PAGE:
Have you been using a DSLR for some time and now looking with a certain amount of lust at that amazing lens from your camera manufacturer? Are you counting both your savings and the days till you can buy that lens?
How would you feel if I tell you that you can have a lens close to or equally as good for about 3/4th of the price?! Welcome to the world of third party lenses.
Premium priced OEM lenses
In most situations camera manufacturers make more profit off lenses than with camera bodies. The camera body acts as a honey-pot drawing buyers to it. Once they buy a certain body they are automatically invested and locked in to that manufacturers system.
Almost all the “good lenses” from manufacturers carry premium prices. There are certain exceptions to this rule, of course, but over time you may end up paying several times more for lenses than your camera body. To minimize that expense, consider third party lenses.
Who are third party lens manufacturers?
By definition a third a part manufacturer is anyone who is not the original equipment manufacturer (OEM) who made the camera body. In the DSLR world there are three major third party manufacturers:
- Sigma (although Sigma has its own DSLR range it still is one of the major third party lens manufacturers)
All three are well established manufacturers of lenses and a whole host of other camera accessories. They have their own design and engineering teams and have built up a good reputation over the years.
What is a third party lens?
The five major DSLR camera makers (Canon, Nikon, Sony, Pentax and Olympus) also have an extended range of lenses. But they are designed only to work on their cameras.
For example a Canon 24-70 F2.8L lens will only work on Canon cameras. But third party manufacturers don’t play with the same rules. They normally would have a “base lens” that they produce with mounts designed for all major camera brands. For example the very excellent Tamron 17-50 F2.8 comes in Canon, Nikon and Sony mounts.
Pros of Third Party lenses
- Cheaper – Sometimes price of a third party lens can cost almost 40-50% less than their firstst party cousins. (for example, at the time of this writing, the Canon 70-200 F2.8 costs around $1500 while the similar Tamron 70-200 F2.8 and the Sigma 70-200F2.8 sell for about half the price of the Canon)
- Equivalent or even better construction – Most third party manufacturers go to great lengths to make their lenses stand out from the competition. This can result in premium build quality on some not-so-premium-priced lenses and include a number of accessories with the lens.
- Variety of focal lengths – May offer useful focal lengths not available by first-party manufacturers.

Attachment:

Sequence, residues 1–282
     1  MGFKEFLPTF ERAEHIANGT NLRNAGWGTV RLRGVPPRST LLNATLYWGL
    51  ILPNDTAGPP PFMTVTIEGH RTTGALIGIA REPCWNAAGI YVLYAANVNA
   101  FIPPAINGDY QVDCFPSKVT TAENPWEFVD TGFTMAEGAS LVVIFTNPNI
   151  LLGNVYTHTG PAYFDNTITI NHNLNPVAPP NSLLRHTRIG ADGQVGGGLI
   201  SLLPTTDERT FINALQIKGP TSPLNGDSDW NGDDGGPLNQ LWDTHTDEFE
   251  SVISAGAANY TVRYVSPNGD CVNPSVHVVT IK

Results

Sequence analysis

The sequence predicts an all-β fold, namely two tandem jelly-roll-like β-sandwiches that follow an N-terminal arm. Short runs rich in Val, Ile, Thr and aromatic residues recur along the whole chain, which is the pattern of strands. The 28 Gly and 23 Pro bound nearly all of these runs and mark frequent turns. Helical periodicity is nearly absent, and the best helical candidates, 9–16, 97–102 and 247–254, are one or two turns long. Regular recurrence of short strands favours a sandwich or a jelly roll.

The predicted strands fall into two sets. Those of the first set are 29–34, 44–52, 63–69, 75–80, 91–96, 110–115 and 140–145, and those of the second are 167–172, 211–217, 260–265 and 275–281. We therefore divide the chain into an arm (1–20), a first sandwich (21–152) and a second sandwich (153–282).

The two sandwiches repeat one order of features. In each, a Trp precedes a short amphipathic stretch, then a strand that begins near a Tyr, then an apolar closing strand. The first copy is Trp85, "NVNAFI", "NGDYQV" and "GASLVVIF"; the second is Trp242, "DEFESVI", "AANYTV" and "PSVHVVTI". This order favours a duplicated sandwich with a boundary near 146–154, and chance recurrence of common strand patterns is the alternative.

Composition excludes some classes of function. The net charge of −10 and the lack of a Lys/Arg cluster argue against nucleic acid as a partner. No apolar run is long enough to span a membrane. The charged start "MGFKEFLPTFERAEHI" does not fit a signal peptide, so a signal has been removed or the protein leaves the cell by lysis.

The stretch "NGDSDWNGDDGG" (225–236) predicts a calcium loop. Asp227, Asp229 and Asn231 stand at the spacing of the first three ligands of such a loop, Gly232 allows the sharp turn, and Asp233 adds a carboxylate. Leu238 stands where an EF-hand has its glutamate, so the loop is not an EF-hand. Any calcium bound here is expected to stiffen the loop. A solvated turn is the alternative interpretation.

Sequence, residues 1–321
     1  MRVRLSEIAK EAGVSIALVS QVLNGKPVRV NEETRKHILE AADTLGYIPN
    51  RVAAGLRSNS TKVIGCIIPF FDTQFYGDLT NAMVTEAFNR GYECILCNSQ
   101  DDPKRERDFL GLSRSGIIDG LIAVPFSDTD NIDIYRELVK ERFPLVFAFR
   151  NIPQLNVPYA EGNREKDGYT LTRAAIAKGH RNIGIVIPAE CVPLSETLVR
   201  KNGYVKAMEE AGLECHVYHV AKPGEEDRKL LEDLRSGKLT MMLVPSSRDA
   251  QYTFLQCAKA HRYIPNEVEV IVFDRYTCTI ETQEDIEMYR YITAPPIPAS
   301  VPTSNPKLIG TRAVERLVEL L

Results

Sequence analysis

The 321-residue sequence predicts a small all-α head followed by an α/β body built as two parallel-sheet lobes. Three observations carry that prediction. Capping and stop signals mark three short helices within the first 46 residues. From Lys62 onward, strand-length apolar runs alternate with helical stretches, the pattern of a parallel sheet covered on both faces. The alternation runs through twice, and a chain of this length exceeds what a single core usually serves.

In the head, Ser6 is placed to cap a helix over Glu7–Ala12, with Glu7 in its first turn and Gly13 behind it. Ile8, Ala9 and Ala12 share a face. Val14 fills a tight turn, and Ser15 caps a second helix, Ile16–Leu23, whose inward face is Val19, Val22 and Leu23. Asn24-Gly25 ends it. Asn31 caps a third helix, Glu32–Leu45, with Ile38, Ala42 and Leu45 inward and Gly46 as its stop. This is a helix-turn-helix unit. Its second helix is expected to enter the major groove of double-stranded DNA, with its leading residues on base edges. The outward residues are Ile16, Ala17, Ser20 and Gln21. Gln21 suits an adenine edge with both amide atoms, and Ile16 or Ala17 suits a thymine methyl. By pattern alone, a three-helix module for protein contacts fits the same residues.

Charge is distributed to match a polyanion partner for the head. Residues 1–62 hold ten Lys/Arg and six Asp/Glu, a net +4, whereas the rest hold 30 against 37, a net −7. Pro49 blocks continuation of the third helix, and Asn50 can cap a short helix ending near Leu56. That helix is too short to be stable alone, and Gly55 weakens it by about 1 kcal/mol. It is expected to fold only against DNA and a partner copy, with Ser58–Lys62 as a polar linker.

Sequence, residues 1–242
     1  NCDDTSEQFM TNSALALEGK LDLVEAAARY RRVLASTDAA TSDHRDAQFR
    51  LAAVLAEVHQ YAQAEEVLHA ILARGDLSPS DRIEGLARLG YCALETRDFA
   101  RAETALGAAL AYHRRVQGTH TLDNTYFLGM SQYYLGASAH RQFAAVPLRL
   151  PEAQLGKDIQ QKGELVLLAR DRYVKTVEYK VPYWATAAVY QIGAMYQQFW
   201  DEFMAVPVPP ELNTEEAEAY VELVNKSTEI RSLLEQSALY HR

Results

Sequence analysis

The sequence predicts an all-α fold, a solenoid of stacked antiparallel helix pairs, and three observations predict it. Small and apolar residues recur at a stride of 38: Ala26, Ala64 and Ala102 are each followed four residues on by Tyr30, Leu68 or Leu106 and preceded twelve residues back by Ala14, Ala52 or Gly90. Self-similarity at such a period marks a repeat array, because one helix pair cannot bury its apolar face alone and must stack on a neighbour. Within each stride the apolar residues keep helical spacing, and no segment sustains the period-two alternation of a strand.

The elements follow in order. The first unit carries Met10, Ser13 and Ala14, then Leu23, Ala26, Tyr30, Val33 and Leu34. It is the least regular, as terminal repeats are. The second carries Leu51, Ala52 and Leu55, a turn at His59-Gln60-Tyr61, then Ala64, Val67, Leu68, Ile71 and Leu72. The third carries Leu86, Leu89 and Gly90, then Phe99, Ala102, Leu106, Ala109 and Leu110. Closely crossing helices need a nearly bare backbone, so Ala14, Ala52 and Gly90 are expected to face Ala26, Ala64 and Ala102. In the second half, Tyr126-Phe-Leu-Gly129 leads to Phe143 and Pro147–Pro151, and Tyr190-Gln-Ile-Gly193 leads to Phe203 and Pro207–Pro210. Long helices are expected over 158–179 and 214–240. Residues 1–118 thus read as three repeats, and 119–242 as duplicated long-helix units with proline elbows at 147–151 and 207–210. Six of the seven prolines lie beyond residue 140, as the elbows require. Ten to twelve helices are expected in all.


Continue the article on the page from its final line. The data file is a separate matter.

- Warranty– some third party lenses come with a longer warranty than first party lenses. For example, Tamron offers a six year warranty compared to Canon’s one year warranty.
Cons of Third Party lenses
- Compatibility – third party lenses are made using reverse engineering. If and when a camera manufacturer changes something on the camera body there is a risk of the lens not been compatible any more. This is more common when a new camera model is introduced. While most third party manufacturers have historically offered free modification programs in such situations, the risk of incompatibility is always there.
- Quality control – There is a consensus among photographers that the chances of getting a “bad copy” from a third party manufacturer is markedly higher compared to a first party manufacturer. But there is some evidence that this situation has improved in recent times.
- Performance – while third party lenses can have image quality on par with a first-party lenses, there may be differences such as speed of focus or the noise emitted when using AutoFocus. For all but the most demanding photographer, these may be minor issues.
So what should you do?
The answer to that question depends on your requirements. If money is not a problem or if you want the ultimate best lens out there, consider branded lenses. But if you are on a tight budget and would like the most value for money then seriously consider the third party option. You will be taking certain risks but the pros often outweigh the cons.
Before you buy
To learn more about a lens, visit the Fred Miranda site before buying. In the review area you’ll learn a lot about the quality of a lens and can ask questions to help determine if a particular lens is suitable for your needs.
Another way to learn the strengths and weaknesses of a lenses is to rent it first. If you buy a lens and don’t like it, you may pay more in restocking fees than the cost of renting a lens for a week or two.